March 2, 2011- Former Koch Industries executive George Wurtz owns WinCup, which supplies the styrofoam cups now littering the building following the House GOP's decision to phase out biodegradable cups from a Capitol lunchroom.
House Republicans announced in January that they would end a program to place compostable cups, containers and utensils in the House-side mini-cafeteria, a direct shot at former Speaker Nancy Pelosi's "Green the Capitol" initiative, which did away with styrofoam cups in 2007. Suspending the program resulted in business for Wurtz, a former executive of Koch Industries subsidiary Georgia-Pacific LLC.
GOP leaders did not handpick Wurtz's company, however — that decision rested with Restaurant Associates, which manages the cafeteria.
"Decisions over what suppliers to use were done solely at the discretion of Restaurant Associates," Salley Wood, spokeswoman for the House Administration Committee.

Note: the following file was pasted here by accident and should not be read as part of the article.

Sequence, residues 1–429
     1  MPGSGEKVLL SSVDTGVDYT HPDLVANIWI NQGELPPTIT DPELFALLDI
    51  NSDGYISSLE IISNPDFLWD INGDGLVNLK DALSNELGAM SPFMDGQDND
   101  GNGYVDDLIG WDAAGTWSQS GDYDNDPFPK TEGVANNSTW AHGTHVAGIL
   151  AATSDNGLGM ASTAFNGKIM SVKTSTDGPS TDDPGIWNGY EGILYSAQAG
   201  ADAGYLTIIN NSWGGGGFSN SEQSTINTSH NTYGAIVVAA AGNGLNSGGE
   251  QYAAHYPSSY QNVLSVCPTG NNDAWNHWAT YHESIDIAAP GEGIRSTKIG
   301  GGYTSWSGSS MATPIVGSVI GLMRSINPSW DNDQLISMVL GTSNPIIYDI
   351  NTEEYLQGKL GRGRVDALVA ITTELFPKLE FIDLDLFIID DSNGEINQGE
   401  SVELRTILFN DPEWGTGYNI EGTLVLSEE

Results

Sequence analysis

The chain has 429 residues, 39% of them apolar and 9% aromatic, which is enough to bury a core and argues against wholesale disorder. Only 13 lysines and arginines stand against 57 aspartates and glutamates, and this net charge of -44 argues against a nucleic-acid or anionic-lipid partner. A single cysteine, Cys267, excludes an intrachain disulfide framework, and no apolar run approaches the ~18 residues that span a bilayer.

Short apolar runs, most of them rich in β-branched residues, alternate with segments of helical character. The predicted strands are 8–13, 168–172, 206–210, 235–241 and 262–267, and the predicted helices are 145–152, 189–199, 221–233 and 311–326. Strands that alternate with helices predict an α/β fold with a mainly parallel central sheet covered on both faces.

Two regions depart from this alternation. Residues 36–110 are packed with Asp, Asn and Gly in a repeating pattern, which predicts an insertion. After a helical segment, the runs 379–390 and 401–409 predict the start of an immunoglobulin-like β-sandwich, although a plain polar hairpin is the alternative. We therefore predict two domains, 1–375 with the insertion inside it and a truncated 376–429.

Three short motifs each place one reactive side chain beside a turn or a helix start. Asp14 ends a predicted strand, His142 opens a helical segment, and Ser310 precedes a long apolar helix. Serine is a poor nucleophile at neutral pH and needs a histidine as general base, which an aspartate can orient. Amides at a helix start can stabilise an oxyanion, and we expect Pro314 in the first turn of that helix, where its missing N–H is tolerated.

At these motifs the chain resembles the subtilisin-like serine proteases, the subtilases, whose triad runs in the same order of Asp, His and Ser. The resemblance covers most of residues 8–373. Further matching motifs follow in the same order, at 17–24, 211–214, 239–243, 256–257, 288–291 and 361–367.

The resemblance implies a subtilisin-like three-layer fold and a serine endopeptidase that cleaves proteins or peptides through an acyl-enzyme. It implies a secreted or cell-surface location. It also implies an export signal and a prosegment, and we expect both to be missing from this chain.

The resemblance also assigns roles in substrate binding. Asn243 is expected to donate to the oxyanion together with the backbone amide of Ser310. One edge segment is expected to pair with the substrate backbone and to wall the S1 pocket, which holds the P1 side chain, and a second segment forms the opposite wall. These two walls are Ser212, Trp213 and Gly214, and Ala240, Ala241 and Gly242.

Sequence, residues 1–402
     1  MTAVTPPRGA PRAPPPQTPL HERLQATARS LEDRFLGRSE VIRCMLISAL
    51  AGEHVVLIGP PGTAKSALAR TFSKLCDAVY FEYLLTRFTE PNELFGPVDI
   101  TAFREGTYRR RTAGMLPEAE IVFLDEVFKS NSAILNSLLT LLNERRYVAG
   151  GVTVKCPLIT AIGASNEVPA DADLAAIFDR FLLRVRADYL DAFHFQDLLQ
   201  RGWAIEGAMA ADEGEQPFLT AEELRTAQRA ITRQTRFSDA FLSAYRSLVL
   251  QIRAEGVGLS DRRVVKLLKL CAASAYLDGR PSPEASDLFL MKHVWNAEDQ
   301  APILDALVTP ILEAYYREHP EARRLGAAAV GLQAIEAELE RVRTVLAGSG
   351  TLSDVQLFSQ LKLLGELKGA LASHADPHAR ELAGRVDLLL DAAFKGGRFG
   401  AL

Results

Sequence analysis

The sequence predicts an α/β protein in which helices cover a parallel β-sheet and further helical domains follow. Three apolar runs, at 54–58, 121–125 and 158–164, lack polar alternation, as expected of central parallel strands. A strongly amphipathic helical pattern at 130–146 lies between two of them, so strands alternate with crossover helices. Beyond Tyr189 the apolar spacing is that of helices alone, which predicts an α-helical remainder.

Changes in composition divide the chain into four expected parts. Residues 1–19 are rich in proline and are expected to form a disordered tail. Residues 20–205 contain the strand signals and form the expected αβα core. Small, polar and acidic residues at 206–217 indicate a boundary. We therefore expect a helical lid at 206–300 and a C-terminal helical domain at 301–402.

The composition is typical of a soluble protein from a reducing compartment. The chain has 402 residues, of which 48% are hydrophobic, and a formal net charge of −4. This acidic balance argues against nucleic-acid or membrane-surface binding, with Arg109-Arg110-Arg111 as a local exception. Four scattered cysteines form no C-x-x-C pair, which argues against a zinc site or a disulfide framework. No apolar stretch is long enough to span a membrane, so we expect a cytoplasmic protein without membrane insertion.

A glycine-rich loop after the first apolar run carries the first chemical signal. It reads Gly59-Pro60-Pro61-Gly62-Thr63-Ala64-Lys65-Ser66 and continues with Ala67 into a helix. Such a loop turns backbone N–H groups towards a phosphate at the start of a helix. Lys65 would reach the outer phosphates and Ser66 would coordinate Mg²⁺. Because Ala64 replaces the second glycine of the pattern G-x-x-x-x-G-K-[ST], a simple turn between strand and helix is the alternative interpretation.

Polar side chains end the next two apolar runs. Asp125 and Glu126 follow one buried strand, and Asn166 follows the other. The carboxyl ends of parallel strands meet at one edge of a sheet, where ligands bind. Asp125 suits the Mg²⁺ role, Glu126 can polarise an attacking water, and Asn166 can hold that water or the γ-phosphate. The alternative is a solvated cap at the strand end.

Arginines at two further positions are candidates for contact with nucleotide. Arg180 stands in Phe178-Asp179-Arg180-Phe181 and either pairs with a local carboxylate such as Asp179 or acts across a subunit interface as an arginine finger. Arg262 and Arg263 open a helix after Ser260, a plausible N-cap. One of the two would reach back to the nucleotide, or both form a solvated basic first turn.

House Republicans have defended the switch as a simple matter of economics, claiming the compostable program was too costly to continue. Wood said the compostable materials cost the House about $320,000 per year, plus $60,000 for hauling and at least $90,000 for labor.
Although she declined to give a figure for the cost of removing compostables, Wood said the committee was exploring other options to save costs and increase energy efficiency, including exploring whether waste can go to facilities that convert it to energy rather than into landfills.
As directed by the committee, the House will also test a reusable dishware pilot program in the Rayburn House Office Building later this month, Wood said.
At least one House Democrat was on board with ending the compostable program: then-Chairman of the House Administration Committee Robert Brady (D-Pa.) recommended discontinuing the compostables program in a December letter to the House GOP transition team.